After spending years feeling as if she was invisible, we’re celebrating as Veronica Ryan’s contemplative sculptures were rewarded the much-deserved Turner Prize 2022.

Veronica Ryan, Mould for Mango Seeds, 2022

At 66, Ryan becomes the oldest artist to have won the Turner Prize, a perfect depiction to sum up the life of a woman familiar with forging her own path and authentically following her truth. Ryan was keen to break out of the mould of 70s and 80s British modernism as an art student. In 1980, she was awarded a Boise Travelling Scholarship from the Slade and chose to visit Nigeria. There, she became especially interested in the re-adaptation of everyday consumables, including food and ephemeral waste materials, into amulets and charms used in spiritual offerings and shrines. She describes; “in a village outside Lagos, I saw objects, seeds, gourds and different kinds of things wrapped together and hung on trees, as some sort of protection.” The influence of these votive objects can be seen in her work today: transient amulets, things that carry a certain potency.

At around the same time, there was the rise of the British Black Arts Movement, headed by artists such as Rasheed Araeen, Sonia Boyce, Lubaina Himid and Maud Sulter to name just a few. She took part in the 1983 exhibition Black Women Time Now. However, Ryan clarifies that her work should not be pinned exclusively to race: “all along I have had various people be very critical of me because I did not fit into their politicised agenda.” The quest for meaning in Ryan’s work has often led to ambiguity: the repetition of seeds and fruit, things that speak of trade, movement, and colonial history, as well as her own history as someone who was brought to live in Britain from Montserrat as a young child. Seed pods and fruits also allude to cycles of life, motherhood, death and rebirth; to concerns over environmental breakdown. But Ryan resists the notion that her work is “about” any one thing. “It’s always about this but also this and this….”

Unwrapped, 2022

Ryan’s preferred materials range from cement, bronze, lead and painted plaster, to lighter and more temporary materials like paper, dust, flowers and feathers. Her works are organic, abstract and tend towards the biomorphic, appealing to forms like pods, shells, husks and seeds. Often placed directly on the floor, her work appears as if left by nature, spontaneously growing from the ground, or beautifully composed debris after a strong storm.

Her room at the Tate Liverpool’s Turner prize exhibition is contemplative, full of delicate sculptures. Despite their modest scale, they exude power. An old plastic bottle is held in a net container. Magnolia pods have been cast in bronze, then clustered and dangled with fishing line. Her sculptures are meditative and poetic, their meanings leaving you ruminating. Their shapes and compositions leave a marked imprint on your mind. In her acceptance speech for the Turner Prize she spoke of her time “collecting rubbish”. As a mother trying to make ends meet and an artist without a budget, she explains that she would make work from what she could scavenge or garner for nothing – sculptures made from vegetable packaging and cardboard avocado trays from the market. However, this thrifty quality to her work was no accident, she was also thinking about wider political questions with landfills of toxic waste being exported, our throw-away disposable relationship to packaging means that poorer countries are the recipients of the west’s overindulgence.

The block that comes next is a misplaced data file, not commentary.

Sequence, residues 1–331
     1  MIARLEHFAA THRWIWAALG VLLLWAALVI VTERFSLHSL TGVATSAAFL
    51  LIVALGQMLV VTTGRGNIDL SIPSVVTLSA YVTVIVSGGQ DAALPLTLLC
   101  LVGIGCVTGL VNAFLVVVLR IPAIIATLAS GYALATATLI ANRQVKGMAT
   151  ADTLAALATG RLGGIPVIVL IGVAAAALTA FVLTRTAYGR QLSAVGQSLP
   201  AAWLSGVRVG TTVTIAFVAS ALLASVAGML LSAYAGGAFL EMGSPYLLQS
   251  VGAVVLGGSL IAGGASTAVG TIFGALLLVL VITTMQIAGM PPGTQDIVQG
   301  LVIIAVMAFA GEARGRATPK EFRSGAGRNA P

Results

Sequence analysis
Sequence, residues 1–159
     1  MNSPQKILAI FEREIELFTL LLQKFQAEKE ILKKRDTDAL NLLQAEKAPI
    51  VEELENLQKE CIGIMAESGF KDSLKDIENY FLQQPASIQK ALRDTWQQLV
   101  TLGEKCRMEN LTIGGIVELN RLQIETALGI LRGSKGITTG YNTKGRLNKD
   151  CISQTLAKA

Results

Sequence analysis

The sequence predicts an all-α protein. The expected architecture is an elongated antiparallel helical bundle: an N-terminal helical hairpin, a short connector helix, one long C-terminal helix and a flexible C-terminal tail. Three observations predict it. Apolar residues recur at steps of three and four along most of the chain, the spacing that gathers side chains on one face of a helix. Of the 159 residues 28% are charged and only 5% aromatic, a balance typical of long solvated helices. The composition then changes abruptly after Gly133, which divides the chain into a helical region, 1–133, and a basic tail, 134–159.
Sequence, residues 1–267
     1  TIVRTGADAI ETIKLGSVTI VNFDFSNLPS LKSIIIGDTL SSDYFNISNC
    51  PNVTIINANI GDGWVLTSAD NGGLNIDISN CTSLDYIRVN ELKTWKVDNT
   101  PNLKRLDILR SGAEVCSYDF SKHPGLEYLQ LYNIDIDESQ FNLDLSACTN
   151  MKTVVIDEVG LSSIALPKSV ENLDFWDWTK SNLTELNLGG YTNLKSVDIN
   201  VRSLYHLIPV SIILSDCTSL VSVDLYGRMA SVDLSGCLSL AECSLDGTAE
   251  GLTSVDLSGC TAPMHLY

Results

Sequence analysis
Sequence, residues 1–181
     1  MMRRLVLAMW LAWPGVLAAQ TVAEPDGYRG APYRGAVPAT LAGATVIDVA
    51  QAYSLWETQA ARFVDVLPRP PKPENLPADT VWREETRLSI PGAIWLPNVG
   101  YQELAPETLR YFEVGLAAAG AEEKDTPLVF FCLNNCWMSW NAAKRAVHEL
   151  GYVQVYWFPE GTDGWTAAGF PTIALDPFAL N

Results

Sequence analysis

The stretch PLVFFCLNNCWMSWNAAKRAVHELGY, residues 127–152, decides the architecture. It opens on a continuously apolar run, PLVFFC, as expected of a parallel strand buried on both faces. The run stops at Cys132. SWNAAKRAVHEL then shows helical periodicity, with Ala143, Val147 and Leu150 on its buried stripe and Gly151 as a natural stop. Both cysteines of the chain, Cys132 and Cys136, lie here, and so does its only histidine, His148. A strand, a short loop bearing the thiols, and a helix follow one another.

In 2021, Ryan’s three-piece marble and bronze sculpture was unveiled in Hackney as London’s first permanent public monument celebrating the Windrush generation. The sculpture depicts three Caribbean fruits: Custard Apple (Annonaceae), Breadfruit (Moraceae) and Soursop (Annonaceae). Not only was it the first sculpture to immortalise the powerful memory of those from the Windrush Scandal, which saw hundreds of elderly people of Caribbean heritage who had lived in Britain for decades detained or deported, purportedly for not having the right visa. It was also the first permanent public sculpture by a black female artist in the UK, “we’re talking about British people. It is absolutely shameful. I remember, as a child, the adults around me, dealing with complications. Which is my parents’ trauma? Which is my trauma? They’re indistinguishable.” The decades of tender and potent thought behind her delicate sculptures is both thought-provoking and incredibly moving: capsules, divisions, compartments, boxes; all metaphors for wider issues of dissociation, fracture, displacement, alienation and growth.

Hackney Windrush Commission